IPR Mediation Program

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Learn more about our mediation program

What exactly is mediation?

A mediation session is:

  • An alternative to the traditional complaint/disciplinary process.
  • A voluntary, confidential process where a professional mediator helps officers and community members talk directly to each other.
  • An opportunity for the officer(s) to hear how his/her actions affected the community members and vice versa.

A mediation session is not:

  • A court hearing requiring witnesses.
  • A process to determine who is guilty or innocent.  People are there to listen to each other, not to blame each other.
  • A session where parties are forced to shake hands and make up.

More and more law enforcement agencies worldwide are adopting mediation as a way to resolve citizen-police conflict, because:

  • Mediation has a higher success and satisfaction rate among community members and officers alike than traditional complaint processes.
  • It is more likely to improve relations between communities and police.
  • It is cost effective.
  • It addresses problems at the source.

How do cases get selected for mediation?

If a case is eligible, we ask the complainant at the point of intake whether they would consider mediation.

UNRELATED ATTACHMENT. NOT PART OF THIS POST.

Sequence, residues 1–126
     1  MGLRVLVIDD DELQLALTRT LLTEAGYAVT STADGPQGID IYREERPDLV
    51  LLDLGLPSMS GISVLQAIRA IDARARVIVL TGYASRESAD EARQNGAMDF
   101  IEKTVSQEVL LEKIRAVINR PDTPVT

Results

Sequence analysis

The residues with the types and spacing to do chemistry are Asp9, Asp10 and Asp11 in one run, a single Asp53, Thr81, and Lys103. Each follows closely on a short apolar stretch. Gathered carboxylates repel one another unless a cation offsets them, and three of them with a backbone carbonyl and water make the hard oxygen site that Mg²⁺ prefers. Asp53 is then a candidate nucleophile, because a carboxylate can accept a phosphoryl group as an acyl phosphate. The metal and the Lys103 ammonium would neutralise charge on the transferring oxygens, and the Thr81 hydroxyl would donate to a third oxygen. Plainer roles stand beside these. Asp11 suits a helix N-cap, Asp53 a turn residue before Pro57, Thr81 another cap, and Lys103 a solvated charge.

If the complainant is willing, the Director of the Independent Police Review (IPR) and the Captain of the Portland Police Internal Affairs (IA) contact the subject officers to offer the option of mediation. If the officers agree, the case is sent to IPR's mediation program manager for scheduling.

What do mediators do?

The mediator is "the person in the middle," an impartial third party who helps people to talk through and resolve their differences. Mediators explain the ground rules and the process, each side gets the opportunity to talk about what happened from their own perspective, and then the mediators guide the parties through the dialog process. The Independent Police Review has contracted with some of the finest professional mediators in the Pacific Northwest.  

The mediator:

  • Listens to everyone in the room.
  • Asks questions to clarify what happened and identify central issues.
  • Does not take sides, place blame, or pass judgment.
  • Helps keep the discussion non-threatening and productive.

Will I have to apologize?

No.  You won't have to say or do anything you don't want to.  Some participants do apologize to each other, but only if they want to.

Will I have to admit to wrongdoing?

No.  Mediation is not about judging who is right or wrong.  You may not have done anything wrong at all.  In any case, what you say is up to you.

What's in it for the officer?

Mediation takes the place of IA investigations and disciplinary actions, and offers finality.  Traditional investigations can may take many months to complete, but mediation cases are generally closed within four weeks. Because mediation is confidential, officers and citizens can speak freely and honestly.

Mediation can make a significant long-term difference in how the complainant (and others close to them) view the police. Some complaints arise from misunderstandings of police procedures. In the field, officers may not have the time or opportunity to explain their actions.  Mediation provides that opportunity.